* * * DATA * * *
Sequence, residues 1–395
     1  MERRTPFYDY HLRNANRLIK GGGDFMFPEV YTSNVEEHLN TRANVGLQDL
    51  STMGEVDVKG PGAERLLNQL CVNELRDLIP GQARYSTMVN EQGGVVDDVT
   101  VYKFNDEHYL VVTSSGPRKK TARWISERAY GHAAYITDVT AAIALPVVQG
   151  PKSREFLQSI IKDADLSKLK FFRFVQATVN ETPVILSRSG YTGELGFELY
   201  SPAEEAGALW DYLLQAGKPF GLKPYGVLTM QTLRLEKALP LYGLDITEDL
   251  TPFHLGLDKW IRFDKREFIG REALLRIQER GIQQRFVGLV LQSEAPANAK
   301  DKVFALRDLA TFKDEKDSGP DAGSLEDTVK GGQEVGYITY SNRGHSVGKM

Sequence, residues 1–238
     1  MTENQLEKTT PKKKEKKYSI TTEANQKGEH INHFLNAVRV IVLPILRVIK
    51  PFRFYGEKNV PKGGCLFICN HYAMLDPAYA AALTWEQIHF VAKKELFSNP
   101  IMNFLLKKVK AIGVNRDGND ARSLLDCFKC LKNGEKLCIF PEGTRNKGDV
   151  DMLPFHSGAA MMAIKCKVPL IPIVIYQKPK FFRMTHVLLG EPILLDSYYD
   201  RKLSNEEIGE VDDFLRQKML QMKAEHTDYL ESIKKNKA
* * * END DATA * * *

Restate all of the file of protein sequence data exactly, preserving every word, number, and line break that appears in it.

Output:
Sequence, residues 1–395
     1  MERRTPFYDY HLRNANRLIK GGGDFMFPEV YTSNVEEHLN TRANVGLQDL
    51  STMGEVDVKG PGAERLLNQL CVNELRDLIP GQARYSTMVN EQGGVVDDVT
   101  VYKFNDEHYL VVTSSGPRKK TARWISERAY GHAAYITDVT AAIALPVVQG
   151  PKSREFLQSI IKDADLSKLK FFRFVQATVN ETPVILSRSG YTGELGFELY
   201  SPAEEAGALW DYLLQAGKPF GLKPYGVLTM QTLRLEKALP LYGLDITEDL
   251  TPFHLGLDKW IRFDKREFIG REALLRIQER GIQQRFVGLV LQSEAPANAK
   301  DKVFALRDLA TFKDEKDSGP DAGSLEDTVK GGQEVGYITY SNRGHSVGKM

Sequence, residues 1–238
     1  MTENQLEKTT PKKKEKKYSI TTEANQKGEH INHFLNAVRV IVLPILRVIK
    51  PFRFYGEKNV PKGGCLFICN HYAMLDPAYA AALTWEQIHF VAKKELFSNP
   101  IMNFLLKKVK AIGVNRDGND ARSLLDCFKC LKNGEKLCIF PEGTRNKGDV
   151  DMLPFHSGAA MMAIKCKVPL IPIVIYQKPK FFRMTHVLLG EPILLDSYYD
   201  RKLSNEEIGE VDDFLRQKML QMKAEHTDYL ESIKKNKA